DSTs - What kind of returns can I expect?

What kind of returns can I expect?

An important aspect for any investment is the possible returns that can be expected by the investor. With this information, investors are better able to evaluate the investment and decide whether a specific investment is worth it. The same applies to Delaware Statutory Trusts (DSTs). Investors interested in using a DST for their 1031 like-kind exchange or interested in investing cash in a DST would want to know beforehand the possible rates of return.

For DSTs there are generally two different rates of return that investors need to know about: (1) Monthly Cash Distributions and (2) Appreciation of the DST’s property.

Monthly Cash Distributions

Investors who invest in a DST can expect to receive monthly cash distributions that reflect how well the DST did for a given month. The monthly cash distribution will depend on the amount of revenue generated by the DST less all of the expenses and fees incurred for that specific month. These expenses could include any maintenance costs for the upkeep or repair of the property or properties. As for other possible fees, these could include any administrative fees that need to be paid to the DST’s sponsor, trustees, and/or managing agents.
As a reminder, the DST will not pay taxes on any of the revenue and income generated for a specific month. As mentioned in other sections, one of the tax features of DSTs is that its income flows through and to the individual investors. As such, individual investors will have to claim the income on their personal taxes and pay any income taxes that may be due.
With all that being said, the range for returns that an investor can expect is between 4% – 9% on their cash on cash monthly distributions. One major factor that contributes to the DST’s rate of return is the type of property or properties that are being held and managed by the same DST. Like any other investment vehicle, the level of risk inherent in the investment will typically correspond to a greater rate of return.
The same principle applies to DSTs. The more risky the property is, the greater the possible rate of return. On the safer side of the spectrum, properties in higher income levels will generally have a lower rate of return because the tenants will be more stable and therefore will have less risk. On the other end of the spectrum, properties located in rural or newer areas will generally have a lower rate of return because there is more risk. Tenants in rural areas might not be as stable and therefore might unfortunately make late rent payments or may miss payments altogether. As for newer areas, the fact that there is no track record to look at poses a greater risk than established areas. As such, this higher level of risk will be associated with a higher possible rate of return.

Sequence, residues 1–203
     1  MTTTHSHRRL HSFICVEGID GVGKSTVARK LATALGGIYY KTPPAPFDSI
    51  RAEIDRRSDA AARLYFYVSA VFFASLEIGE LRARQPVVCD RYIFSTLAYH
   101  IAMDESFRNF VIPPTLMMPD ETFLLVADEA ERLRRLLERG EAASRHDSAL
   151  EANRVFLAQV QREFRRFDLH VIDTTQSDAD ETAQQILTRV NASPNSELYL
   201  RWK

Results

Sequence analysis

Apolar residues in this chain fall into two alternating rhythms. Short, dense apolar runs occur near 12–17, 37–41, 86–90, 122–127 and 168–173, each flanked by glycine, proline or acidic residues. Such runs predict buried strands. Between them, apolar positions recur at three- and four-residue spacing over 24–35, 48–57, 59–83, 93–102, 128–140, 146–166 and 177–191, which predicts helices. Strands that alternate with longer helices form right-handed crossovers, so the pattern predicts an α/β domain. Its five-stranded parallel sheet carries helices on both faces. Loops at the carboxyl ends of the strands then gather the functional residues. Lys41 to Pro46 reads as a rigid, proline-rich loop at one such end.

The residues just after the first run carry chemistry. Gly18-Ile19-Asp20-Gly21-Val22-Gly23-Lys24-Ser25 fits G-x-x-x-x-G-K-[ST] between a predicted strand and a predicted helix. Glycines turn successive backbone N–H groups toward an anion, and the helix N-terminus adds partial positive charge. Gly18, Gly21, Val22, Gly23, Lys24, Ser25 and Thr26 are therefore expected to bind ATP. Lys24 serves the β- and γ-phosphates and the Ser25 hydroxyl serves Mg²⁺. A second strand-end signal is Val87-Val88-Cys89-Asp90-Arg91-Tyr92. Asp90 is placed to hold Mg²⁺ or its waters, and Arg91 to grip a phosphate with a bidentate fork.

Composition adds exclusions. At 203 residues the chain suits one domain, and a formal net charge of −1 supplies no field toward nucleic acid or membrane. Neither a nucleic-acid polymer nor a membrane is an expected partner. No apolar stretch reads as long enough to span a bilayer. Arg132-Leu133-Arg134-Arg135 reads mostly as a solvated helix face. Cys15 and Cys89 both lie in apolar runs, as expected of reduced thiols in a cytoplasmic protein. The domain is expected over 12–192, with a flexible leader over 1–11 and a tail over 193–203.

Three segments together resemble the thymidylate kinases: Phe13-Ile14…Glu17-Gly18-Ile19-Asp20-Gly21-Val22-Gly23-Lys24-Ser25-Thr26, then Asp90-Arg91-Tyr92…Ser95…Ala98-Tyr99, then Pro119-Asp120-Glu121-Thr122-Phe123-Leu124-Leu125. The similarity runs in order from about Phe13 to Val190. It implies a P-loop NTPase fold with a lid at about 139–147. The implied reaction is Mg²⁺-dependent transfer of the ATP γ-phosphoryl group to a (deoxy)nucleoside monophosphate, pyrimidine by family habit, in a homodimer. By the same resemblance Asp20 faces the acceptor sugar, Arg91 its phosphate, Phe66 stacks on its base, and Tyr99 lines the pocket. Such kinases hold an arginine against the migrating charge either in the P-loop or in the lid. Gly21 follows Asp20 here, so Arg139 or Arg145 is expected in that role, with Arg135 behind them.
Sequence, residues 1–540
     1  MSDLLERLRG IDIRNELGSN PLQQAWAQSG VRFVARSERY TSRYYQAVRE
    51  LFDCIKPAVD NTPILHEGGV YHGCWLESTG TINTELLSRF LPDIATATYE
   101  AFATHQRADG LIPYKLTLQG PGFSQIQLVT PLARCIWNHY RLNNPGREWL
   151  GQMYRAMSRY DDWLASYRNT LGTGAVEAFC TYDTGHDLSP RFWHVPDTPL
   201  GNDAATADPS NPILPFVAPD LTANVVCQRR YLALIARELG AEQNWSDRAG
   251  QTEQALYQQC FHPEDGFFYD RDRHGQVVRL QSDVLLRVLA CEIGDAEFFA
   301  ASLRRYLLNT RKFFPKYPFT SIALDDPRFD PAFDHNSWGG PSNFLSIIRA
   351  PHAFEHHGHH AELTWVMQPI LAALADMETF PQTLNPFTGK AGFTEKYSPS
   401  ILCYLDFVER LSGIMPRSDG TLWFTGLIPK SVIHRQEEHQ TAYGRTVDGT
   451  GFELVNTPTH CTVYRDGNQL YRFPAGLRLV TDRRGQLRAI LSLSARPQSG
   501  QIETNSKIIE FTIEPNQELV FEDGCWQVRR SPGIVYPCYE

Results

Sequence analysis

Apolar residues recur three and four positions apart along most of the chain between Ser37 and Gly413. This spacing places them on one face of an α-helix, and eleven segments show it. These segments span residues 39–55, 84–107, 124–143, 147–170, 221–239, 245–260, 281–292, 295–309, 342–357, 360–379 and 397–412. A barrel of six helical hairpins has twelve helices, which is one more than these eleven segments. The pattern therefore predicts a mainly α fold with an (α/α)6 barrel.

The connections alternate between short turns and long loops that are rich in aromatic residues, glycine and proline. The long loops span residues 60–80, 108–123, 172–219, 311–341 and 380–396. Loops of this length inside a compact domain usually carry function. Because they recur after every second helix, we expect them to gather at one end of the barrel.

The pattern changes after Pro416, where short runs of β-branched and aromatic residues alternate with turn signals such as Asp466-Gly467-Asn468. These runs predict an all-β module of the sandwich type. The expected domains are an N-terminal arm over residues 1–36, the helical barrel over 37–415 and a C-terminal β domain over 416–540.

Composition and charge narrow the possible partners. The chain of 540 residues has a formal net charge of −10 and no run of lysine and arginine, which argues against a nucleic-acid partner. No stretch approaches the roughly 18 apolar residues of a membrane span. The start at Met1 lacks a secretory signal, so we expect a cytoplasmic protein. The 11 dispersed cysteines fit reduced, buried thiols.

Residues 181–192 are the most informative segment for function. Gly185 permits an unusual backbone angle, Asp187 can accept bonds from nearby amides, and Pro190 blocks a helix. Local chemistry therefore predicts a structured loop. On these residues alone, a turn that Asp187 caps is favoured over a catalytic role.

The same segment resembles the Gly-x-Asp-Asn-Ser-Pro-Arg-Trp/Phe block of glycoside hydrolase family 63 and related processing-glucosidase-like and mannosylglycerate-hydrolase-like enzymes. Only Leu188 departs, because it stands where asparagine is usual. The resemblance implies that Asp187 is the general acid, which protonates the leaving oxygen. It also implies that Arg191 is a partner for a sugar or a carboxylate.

It should be noted that other aspects of the DSTs property or properties affect the investor’s rate of return. For example, a multi-family residential apartment complex will typically have a lower rate of return because people will typically pay for the residence before any other debt or creditor. On the other hand, properties that are retail, industrial, or commercial in nature will have a higher rate of return. This is because retail, industrial, and commercial tenants are more likely to default and miss on rent payments. Additionally, these kinds or properties may be more expensive to upkeep and/or repair than residential units.

As an interesting note, the self-storage industry and business model has seen higher rates of returns for DSTs. This is most likely to lower than usual maintenance and upkeep costs. Additionally, people tend to ensure that they make the storage payments in order to prevent them from losing their belongings and personal properties.

Appreciation Rate of Return

One important aspect of DSTs is that they are typically long-term investments. DSTs are considered long-term investments because the holding period for a given DST will typically be between 7-10 years. Like other real estate investments, investors hope that the property will appreciate over the holding period of that property. As such, because DSTs are considered real estate investments, the property or properties held and managed by the DST have the ability to appreciate over the 7-10 years.
Investors may receive their share of the appreciation of the property or properties when the holding period finishes and the DST sells the said property or properties. Investors’ share of any appreciation will be determined by their pro-rata interest in the DST based on their initial investment. Similar to the tax aspect for the monthly cash distributions, the DST does not pay any taxes on the sale of the property or properties. Instead, the proceeds from the sale along with the appreciation will flow to the individual investors according to their pro-rata share. Consequently, individual investors will be responsible for paying any income tax that may be due and owing.
It should be noted that investors should review the DST’s governing documents to see what happens at the end of the holding period. While a DST will likely sell the property or properties at the end of the holding period, the governing document may specify and outline a different course of action and disposition.

In any event, if the DST sells its property or properties, investors have the ability to roll the proceeds, which may include their pro-rata share of any appreciation, into another 1031 like-kind exchange. Investors may decide to roll into another DST or they may decide to roll into another like-kind property.
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